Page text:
“With the business surveys indicating an imminent sharp slowdown in growth, the ECB are probably done hiking.

“The new orders component of the latest business surveys were very weak. Incoming new business for the service sector is contracting now, joining new orders for the manufacturing sector in the doldrums.

“Against the weaker growth backdrop, the ECB can probably pause at the next meeting and if the growth outlook continues to deteriorate a pause could morph into a peak.

“However, unless unemployment rises sharply and rapidly, the outlook for euro zone interest rates could end up looking like Table Mountain, with rates on hold for quite some time.”

ANNA STUPNYTSKA, GLOBAL MACRO ECONOMIST AT FIDELITY INTERNATIONAL, CAMBRIDGE, UK:

“I wasn’t surprised because, in that choice between hiking and sending a hawkish message and waiting, the more hawkish message to signal that the ECB is very serious about inflation clearly won.”

DEAN TURNER, CHIEF EUROZONE AND UK ECONOMIST, UBS GLOBAL WEALTH MANAGEMENT:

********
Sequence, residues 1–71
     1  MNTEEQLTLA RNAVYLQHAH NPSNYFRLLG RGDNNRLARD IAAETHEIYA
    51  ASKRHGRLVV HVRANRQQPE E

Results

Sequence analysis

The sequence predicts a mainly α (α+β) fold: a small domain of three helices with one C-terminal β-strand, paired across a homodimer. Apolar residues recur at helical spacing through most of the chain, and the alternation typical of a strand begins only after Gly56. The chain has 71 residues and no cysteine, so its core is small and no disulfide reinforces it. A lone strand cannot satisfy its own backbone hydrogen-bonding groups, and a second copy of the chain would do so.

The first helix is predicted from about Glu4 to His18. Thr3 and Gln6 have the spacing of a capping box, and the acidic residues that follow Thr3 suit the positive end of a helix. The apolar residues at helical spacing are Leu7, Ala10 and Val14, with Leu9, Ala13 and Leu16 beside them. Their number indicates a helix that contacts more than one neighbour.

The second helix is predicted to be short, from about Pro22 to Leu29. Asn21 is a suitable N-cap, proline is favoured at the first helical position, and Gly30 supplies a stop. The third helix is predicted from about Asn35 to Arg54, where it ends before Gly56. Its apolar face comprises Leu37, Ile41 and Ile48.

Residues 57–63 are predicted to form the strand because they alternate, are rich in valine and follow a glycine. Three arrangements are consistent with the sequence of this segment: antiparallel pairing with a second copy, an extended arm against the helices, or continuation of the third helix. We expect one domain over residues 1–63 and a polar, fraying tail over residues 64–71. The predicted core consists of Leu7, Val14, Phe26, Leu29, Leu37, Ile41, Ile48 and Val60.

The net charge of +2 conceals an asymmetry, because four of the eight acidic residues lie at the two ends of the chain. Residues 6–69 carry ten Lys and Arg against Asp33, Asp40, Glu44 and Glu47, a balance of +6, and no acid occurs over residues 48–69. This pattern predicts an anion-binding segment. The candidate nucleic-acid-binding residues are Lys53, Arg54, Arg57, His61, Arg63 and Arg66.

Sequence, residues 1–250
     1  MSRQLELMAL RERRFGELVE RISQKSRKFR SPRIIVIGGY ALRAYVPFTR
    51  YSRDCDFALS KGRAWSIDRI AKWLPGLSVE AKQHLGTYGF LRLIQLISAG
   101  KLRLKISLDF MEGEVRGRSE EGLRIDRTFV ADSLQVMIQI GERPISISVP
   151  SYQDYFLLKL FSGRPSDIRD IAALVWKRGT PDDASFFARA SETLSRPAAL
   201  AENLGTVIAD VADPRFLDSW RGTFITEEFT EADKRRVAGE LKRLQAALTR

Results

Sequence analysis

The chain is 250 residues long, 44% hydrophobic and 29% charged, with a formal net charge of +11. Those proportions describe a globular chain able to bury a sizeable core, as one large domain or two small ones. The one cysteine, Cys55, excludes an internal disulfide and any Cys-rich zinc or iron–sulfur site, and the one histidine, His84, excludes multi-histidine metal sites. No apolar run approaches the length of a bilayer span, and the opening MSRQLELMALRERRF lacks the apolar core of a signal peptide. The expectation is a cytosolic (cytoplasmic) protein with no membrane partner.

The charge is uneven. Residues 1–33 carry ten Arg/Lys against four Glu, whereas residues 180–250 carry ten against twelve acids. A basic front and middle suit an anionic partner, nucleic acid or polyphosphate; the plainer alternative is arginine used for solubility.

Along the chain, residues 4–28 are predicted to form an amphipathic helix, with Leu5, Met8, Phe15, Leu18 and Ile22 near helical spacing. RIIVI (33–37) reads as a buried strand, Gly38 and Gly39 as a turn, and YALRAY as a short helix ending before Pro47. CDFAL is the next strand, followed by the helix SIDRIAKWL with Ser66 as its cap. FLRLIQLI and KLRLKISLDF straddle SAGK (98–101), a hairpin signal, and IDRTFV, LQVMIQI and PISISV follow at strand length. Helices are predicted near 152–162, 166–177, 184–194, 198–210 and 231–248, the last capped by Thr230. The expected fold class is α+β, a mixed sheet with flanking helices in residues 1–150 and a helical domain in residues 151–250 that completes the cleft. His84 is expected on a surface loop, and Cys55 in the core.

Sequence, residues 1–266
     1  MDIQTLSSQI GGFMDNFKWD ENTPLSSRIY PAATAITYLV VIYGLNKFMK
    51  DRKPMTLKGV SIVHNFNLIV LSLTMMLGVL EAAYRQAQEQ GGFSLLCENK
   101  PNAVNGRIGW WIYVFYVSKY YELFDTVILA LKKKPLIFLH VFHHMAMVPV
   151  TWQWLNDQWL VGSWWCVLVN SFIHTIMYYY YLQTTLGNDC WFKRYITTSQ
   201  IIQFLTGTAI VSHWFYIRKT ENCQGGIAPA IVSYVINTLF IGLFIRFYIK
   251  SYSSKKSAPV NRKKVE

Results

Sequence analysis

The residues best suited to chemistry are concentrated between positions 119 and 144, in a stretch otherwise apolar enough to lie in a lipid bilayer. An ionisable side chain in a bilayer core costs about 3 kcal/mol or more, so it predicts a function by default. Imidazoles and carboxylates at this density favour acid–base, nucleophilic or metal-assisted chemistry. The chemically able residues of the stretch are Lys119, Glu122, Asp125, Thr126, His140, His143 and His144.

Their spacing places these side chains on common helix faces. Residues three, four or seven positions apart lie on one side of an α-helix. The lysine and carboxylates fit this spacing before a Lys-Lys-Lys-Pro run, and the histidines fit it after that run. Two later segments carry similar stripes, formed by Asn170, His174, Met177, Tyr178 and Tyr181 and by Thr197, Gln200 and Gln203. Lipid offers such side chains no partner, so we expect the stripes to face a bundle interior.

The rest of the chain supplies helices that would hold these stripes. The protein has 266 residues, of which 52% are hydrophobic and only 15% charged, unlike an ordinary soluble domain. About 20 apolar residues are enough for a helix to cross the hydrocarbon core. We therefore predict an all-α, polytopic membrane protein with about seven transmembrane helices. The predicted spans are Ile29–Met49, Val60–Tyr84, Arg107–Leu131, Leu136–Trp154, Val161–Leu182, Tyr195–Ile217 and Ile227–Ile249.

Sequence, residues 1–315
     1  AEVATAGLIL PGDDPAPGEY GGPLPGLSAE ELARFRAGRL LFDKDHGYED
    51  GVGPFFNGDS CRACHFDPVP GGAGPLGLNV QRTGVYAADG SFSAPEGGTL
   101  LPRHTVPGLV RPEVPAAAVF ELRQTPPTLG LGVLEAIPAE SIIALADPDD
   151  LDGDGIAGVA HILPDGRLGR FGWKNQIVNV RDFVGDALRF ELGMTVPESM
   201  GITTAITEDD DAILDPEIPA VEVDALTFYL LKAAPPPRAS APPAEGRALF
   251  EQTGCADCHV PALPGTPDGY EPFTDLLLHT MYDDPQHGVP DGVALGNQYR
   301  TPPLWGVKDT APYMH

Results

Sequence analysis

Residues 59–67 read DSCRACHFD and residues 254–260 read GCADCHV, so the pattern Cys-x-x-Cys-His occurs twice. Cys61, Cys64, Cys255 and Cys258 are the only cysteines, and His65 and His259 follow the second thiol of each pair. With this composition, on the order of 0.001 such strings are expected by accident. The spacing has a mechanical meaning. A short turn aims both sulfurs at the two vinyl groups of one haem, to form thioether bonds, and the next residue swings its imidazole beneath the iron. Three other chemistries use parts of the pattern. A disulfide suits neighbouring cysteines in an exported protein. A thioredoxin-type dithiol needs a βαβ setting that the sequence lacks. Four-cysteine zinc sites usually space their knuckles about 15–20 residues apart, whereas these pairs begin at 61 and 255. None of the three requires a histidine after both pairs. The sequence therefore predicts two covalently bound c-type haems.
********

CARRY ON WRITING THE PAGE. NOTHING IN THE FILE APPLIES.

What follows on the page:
“The ECB didn’t blink in the face of growing speculation that it would hit pause on the rate-hiking cycle. To be sure, economic data have raised questions about the health of the economy, but it is clear that still-high inflation trumps these concerns.”

“We expect this to be the last hike from the ECB in this cycle, but that does not mean the era of tight monetary policy is over. Interest rates are likely to remain at these levels well into next year. Moreover, the ECB will continue to, and may even accelerate, the shrinking of its balance sheet.”

SIMONA MOCUTA, CHIEF ECONOMIST, STATE STREET GLOBAL ADVISORS, U.S.:

“The ECB pushed through another 25 bp rate hike today… The move was neither a surprise, nor a done deal: odds of another step higher had only crept above 50% in the days immediately preceding the decision, having hovered around 25% at the start of the month.

“To be sure, arguments in favour of continued tightening and those in support of a pause – if not an outright end to the tightening cycle altogether – have become rather finely balanced of late, given a backdrop of near-stagnation and visible progress on inflation.

“For now, the Governing Council still judged the scales as tipping in favour of additional pre-emptive action. But, with policy rates deeply in restrictive territory and earlier tightening still feeding through the economy, we believe this should be – and likely will be – the last hike in this cycle.”

(Reporting the Markets Team; Compiled by Dhara Ranasinghe; Editing by Amanda Cooper)